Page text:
I understand that many of the Lebanese-Canadians are under quite a bit of stress. It is exceedingly difficult to maintain a calm demeanor when bombs are falling without any apparent pattern all around you. Imagine, if you will, that you have just gone through several days of bombings; perhaps a bomb even landed close to you. Now, imagine that you finally find out what the government has planned for evacuation after several days of disorganized announcements, an extremely busy phone-line, and a useless internet connection. Imagine that a country that was, perhaps, on the verge of an economic breakthrough has been bombed back twenty years. Imagine that you have an extended family who is constantly at risk and cannot come with you to Canada. Imagine that you finally get on a ship after risking your life to come to port two days in a row and imagine that this cargo-ship is uncomfortable and floats in the water anywhere from sixteen to twenty-four hours. Now, imagine that you finally get on a plane once you reach Cyprus or Turkey. When you finally get home imagine that a camera and a microphone are shoved in your face and the following statement is implied, "You must be relieved and grateful to finally be back in Canada."
My first reaction would not be to wax eloquent about how great Canada is. No, my instinct would be to point out that people are dying in my country and that I am far from relieved. Then, with anger building inside of me I would launch into a tirade about all of the incompetent things that happened on my journey. Then, maybe when I went to a hotel, my home, or the home of relatives, maybe after some sleep I would start to be relieved that I was alive. Still, I wouldn't start dancing in the streets. After all, my country is still on fire.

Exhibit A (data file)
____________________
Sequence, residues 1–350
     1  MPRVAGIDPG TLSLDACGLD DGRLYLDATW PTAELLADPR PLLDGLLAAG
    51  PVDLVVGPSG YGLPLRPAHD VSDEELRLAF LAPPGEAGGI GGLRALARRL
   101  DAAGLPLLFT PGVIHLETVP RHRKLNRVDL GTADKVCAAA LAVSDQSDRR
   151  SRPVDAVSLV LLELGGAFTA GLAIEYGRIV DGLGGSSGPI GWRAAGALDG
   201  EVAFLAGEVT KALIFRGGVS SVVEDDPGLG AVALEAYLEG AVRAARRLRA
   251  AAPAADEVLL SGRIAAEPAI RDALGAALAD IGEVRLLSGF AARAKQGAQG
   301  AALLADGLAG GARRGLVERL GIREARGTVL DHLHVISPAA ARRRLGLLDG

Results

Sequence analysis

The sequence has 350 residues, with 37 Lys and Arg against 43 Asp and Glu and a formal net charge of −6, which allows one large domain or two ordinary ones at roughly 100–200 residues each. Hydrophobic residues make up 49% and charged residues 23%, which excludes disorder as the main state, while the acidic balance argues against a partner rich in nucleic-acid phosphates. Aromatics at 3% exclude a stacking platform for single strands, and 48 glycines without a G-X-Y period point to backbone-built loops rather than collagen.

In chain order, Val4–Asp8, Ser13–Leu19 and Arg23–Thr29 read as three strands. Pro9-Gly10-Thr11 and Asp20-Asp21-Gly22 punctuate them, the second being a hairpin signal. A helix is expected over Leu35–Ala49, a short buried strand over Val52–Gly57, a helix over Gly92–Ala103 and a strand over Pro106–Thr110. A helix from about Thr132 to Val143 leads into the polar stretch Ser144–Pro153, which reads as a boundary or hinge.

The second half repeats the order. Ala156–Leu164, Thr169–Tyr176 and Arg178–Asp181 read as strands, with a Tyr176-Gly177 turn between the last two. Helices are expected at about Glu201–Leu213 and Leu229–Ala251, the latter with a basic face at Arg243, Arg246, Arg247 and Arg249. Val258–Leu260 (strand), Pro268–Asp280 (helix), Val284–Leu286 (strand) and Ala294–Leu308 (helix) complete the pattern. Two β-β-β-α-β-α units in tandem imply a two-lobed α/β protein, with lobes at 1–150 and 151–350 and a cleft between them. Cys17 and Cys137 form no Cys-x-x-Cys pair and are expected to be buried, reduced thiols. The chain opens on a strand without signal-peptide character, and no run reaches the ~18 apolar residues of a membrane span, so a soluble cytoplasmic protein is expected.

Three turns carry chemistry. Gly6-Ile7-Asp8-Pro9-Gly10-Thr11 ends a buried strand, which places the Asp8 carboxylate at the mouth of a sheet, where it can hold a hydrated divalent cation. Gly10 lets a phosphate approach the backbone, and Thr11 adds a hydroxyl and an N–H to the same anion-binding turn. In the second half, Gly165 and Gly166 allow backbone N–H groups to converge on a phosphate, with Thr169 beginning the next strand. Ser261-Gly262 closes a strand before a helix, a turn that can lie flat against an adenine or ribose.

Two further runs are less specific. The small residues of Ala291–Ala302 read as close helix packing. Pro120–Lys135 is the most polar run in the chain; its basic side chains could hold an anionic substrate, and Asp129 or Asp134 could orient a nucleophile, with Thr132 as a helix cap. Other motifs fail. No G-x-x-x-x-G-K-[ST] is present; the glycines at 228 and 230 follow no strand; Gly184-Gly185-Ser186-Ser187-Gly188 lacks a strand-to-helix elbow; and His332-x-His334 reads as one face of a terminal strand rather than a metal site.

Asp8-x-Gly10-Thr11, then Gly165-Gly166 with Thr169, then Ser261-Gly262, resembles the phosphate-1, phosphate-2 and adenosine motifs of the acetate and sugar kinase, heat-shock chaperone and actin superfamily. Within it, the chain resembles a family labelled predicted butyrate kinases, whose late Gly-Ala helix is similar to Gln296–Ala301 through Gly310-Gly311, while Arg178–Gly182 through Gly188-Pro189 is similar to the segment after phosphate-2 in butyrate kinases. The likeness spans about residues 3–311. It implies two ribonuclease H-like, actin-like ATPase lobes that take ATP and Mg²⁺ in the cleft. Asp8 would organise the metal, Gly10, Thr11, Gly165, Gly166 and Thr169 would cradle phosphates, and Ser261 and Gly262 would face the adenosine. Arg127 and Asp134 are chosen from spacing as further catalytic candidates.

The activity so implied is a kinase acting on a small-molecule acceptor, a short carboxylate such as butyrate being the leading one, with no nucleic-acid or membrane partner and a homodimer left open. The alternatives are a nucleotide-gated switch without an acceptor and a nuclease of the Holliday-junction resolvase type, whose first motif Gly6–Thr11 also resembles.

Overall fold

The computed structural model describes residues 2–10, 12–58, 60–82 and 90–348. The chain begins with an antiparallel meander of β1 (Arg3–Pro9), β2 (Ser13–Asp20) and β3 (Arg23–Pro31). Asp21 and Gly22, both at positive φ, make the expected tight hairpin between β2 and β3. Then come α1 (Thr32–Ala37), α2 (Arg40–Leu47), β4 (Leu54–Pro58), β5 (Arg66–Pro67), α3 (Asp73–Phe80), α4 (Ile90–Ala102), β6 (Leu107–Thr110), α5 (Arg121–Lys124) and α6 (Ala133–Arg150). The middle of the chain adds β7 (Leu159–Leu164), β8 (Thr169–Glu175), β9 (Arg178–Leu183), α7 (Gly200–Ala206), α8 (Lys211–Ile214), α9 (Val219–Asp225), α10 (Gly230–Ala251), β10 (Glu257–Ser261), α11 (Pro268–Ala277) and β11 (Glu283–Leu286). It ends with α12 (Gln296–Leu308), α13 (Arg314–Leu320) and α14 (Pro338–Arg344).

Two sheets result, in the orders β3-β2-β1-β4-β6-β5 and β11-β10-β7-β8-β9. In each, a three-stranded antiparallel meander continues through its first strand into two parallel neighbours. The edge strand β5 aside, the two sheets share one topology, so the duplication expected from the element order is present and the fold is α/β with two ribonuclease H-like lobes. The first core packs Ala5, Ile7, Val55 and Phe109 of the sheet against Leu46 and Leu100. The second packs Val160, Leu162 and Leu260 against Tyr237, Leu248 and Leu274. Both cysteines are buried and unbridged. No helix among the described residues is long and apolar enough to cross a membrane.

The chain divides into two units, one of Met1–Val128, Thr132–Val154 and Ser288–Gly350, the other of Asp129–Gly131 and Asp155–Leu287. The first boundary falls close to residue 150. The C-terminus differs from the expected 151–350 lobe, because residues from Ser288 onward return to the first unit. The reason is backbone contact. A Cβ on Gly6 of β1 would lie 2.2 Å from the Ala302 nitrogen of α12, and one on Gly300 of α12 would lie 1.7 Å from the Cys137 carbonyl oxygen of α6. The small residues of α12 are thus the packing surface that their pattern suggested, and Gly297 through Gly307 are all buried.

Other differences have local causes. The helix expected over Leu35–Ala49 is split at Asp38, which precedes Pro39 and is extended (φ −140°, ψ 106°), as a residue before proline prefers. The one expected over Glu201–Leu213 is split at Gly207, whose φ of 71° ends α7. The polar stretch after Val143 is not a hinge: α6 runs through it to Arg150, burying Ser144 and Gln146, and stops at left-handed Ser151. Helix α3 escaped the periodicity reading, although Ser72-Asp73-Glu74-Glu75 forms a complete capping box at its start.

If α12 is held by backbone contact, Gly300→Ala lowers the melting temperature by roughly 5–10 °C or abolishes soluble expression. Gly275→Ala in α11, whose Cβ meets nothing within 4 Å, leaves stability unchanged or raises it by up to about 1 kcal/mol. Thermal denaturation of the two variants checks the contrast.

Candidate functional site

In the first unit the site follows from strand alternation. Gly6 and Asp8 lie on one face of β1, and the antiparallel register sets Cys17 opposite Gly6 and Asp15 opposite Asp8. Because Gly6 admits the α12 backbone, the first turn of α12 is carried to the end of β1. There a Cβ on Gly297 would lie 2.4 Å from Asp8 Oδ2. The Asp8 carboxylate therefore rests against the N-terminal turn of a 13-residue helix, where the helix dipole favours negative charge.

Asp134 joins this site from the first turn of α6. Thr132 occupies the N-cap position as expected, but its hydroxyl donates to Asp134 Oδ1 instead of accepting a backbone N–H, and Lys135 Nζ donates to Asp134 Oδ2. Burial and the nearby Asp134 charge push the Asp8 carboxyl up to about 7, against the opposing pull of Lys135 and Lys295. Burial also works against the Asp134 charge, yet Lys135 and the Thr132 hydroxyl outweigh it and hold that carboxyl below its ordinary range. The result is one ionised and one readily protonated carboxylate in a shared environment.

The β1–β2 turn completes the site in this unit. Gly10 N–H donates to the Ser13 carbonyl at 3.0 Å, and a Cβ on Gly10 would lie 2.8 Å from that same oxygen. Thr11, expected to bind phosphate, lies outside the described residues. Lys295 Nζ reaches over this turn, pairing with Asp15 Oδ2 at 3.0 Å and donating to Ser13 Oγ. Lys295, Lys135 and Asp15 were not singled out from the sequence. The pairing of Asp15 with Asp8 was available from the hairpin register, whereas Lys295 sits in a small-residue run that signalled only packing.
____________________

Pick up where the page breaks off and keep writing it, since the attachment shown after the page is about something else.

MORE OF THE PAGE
On this same radio show, the host pointed out the bias against Israel. He claimed that few people attacked Russia over its heavy-handed atrocities against Chechnya, but as soon as Israel defended itself, everyone was ready to point out Israel's crimes. This logic sort of reminds me of a gradeschool boy who excuses himself for punching another student in the face by arguing that another student had done the same thing earlier. The host agreed with our prime minister that "Israel has the right to defend itself." I agree that every nation has the right to defend itself. Of course, defence implies a certain amount of restraint. If someone were to punch me, I would be justified in punching him back. Now, if I not only punched back but also pulled out a knife and slashed the individual forty times I would be overreacting. I am not astute enough to divine the reasons why these attacks are occurring, but I am clever enough to know that it isn't because of two kidnapped soldiers and some violent rocket attacks. Whatever the reasons, I pray that there may be peace.

13 comments:

Jono_or_Janice said...

Well written article, John. Just an observations that you are free to disagree with...